Here’s how you can join in:
Sign the Pollinator Pledge, and if you choose, donate either $10 or $20 to receive a metal sign to post in your yard designating your property as on the Pollinator Pathway. Share the information posted here and encourage friends and neighbors to take the Pollinator Pathway Pledge to build our local corridor more quickly.
What is a pollinator pathway, anyway?
It is defined as a wildlife corridor providing nutrition and habitat safety for pollinators and includes both healthy yards and public spaces. There are already over 250 towns in the Northeast on the Pollinator Pathway, all connected to one another. Our goal is to help create an ever larger corridor, connecting more and more communities, by beginning right here in Kennebunkport.
Who are the pollinators?
They include any animals that move pollen from one plant to another, allowing the reproduction and growth of new plants. Over 35 % of our food grows as a result of the pollinators’ work, making them crucial to our future well-being. Pollinators include birds, bees, butterflies, and other insects, as well as some mammals and amphibians. Our pollinators are under threat, and their numbers are shrinking. This is primarily due to the widespread use of pesticides and other chemicals on lawns, landscaped planting areas, public spaces, and food crops. Also contributing is climate change leading to a lack of hosts for larvae of pollinators, as well as ever-increasing habitat loss as more of our natural environment becomes developed. Fortunately, there is much we can do to help the pollinators and, subsequently, our vital food crops to survive and thrive by committing to adopting safe and healthy habits for your lawn and garden now. These practices adopted by each of us on a small scale at home can have an enormous positive impact on the health of our local ecosystem!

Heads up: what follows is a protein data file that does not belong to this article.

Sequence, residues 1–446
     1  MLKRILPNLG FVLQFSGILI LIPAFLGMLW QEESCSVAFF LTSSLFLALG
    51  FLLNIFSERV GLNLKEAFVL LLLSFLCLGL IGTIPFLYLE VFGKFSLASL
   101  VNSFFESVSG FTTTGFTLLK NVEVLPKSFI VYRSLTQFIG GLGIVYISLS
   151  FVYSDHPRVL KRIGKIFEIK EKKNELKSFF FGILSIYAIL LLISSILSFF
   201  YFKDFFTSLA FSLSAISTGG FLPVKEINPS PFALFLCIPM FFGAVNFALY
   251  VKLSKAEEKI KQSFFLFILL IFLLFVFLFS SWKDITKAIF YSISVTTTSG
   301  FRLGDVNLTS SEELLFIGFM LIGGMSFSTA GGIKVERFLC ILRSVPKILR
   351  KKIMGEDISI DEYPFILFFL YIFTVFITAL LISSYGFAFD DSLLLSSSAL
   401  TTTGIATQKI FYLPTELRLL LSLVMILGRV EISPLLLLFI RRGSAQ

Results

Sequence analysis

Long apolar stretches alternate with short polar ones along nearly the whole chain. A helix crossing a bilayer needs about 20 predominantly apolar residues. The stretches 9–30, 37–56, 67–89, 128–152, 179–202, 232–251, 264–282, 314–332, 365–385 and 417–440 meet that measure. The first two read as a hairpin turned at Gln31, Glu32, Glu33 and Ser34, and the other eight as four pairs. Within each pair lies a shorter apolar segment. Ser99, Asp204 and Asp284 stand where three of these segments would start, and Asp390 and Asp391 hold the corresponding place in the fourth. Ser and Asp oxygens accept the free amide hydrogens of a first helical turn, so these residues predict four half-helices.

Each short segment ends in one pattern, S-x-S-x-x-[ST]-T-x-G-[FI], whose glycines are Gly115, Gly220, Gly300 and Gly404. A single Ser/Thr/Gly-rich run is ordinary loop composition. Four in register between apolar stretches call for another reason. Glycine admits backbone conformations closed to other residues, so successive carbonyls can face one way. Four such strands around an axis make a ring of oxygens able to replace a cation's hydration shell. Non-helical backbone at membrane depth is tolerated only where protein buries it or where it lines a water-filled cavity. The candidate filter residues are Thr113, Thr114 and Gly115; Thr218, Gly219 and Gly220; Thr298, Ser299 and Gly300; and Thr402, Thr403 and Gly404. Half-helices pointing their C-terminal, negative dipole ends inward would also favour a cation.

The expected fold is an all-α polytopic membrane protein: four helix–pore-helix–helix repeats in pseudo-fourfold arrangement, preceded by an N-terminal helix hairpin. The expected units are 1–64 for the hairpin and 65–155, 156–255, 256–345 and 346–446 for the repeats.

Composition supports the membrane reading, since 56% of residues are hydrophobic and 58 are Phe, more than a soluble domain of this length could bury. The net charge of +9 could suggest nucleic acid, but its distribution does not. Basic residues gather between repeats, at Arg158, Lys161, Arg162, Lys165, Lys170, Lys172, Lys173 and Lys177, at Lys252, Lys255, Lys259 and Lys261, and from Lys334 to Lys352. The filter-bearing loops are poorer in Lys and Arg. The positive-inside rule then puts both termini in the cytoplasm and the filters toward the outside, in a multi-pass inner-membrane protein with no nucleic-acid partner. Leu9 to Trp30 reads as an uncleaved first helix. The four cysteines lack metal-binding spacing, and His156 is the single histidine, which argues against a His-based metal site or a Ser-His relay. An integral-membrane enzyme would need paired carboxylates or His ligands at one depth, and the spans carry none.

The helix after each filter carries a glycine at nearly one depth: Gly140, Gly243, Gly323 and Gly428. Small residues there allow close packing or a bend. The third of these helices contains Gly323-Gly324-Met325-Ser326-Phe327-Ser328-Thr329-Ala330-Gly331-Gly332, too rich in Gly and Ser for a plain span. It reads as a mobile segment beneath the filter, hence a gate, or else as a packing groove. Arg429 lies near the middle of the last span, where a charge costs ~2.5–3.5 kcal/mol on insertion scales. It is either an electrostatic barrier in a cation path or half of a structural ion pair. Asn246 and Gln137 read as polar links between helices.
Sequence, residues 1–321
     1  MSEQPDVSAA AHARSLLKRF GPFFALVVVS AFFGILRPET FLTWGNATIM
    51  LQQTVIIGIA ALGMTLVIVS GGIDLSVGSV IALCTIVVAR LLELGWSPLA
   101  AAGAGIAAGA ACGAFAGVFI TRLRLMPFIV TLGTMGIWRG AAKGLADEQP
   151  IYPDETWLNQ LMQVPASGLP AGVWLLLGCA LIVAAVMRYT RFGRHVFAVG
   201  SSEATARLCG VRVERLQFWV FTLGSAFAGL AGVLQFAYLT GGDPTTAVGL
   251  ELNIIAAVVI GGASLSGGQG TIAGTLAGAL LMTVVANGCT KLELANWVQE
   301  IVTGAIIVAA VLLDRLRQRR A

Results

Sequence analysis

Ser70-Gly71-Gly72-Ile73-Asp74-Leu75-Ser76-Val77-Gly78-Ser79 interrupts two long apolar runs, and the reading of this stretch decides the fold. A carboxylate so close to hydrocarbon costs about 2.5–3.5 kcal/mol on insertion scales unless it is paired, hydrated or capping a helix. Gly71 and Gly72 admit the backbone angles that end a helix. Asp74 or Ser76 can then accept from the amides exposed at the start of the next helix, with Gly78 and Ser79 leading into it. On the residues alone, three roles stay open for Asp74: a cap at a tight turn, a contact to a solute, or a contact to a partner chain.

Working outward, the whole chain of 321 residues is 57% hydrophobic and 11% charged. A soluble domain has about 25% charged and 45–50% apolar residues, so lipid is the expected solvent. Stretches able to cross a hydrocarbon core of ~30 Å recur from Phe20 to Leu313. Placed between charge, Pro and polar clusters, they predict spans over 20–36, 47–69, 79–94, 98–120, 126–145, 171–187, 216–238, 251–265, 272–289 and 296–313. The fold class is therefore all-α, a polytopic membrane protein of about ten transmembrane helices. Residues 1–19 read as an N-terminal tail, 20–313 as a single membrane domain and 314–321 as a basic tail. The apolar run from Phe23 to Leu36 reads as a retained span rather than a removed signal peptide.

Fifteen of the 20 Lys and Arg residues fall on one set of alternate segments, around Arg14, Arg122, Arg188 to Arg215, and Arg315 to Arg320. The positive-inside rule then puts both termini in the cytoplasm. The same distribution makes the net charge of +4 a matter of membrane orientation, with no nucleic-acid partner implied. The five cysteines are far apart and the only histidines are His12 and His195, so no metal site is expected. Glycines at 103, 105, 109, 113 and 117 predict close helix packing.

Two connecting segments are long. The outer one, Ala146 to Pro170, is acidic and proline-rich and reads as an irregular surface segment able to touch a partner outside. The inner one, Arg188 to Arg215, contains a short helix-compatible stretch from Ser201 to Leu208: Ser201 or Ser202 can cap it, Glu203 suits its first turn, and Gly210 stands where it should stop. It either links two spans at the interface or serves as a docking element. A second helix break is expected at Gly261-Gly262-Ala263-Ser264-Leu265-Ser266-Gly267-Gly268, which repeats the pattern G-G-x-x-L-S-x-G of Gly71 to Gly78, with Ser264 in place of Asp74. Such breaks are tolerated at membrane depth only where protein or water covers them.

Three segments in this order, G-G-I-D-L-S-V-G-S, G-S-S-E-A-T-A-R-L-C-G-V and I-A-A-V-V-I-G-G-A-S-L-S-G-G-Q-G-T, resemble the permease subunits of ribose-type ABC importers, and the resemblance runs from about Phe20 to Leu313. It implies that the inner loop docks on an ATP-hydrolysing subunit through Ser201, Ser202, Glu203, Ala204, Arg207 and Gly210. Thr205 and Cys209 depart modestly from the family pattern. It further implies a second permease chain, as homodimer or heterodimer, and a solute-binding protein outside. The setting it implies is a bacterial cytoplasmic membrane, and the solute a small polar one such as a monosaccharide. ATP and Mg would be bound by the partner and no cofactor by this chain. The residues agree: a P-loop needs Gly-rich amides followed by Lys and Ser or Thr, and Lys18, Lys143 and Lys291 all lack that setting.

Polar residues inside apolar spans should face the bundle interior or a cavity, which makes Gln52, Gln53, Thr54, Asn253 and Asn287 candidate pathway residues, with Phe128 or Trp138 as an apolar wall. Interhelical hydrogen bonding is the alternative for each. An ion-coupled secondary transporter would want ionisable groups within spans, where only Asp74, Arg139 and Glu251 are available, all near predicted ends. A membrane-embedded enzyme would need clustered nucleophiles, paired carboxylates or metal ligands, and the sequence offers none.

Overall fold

Three of the most impactful changes you can make at home when you sign the pledge to become a Pollinator Pathway member are:
- Plant native plants! Trees, shrubs, and wildflowers that are native to our area provide food and shelter for pollinators. At the same time, remove any non-native invasive plants that have been planted inadvertently or spread into your lawn or garden.
- Go pesticide free! Your lawn will also become healthy for children and pets. Reduce tick habitat through specific plantings. Consider organic alternatives to poisons found in pesticides.
- Rethink your lawn! Consider converting part of your lawn to native plantings. Mow less frequently and leave the clippings on your lawn in place of adding fertilizers. Leave some leaves in your beds and leave some or all of the plants standing as shelter during the winter for over-wintering insects and other species. Plant white clover in with your grass. It, too, is food for pollinators. It’s attractive and soft on bare feet. In addition, clover fixes nitrogen taken from the air, making your grass greener without the addition of fertilizer.
You will find helpful links on the Kennebunkport Conservation Commission’s website to assist you in learning what to plant to “go native,” as well as identifying the non-native invasives to remove. You’ll also find tips on pest control and where to find wild seeds or plant seedlings that have not been sprayed with pesticides during the growing process.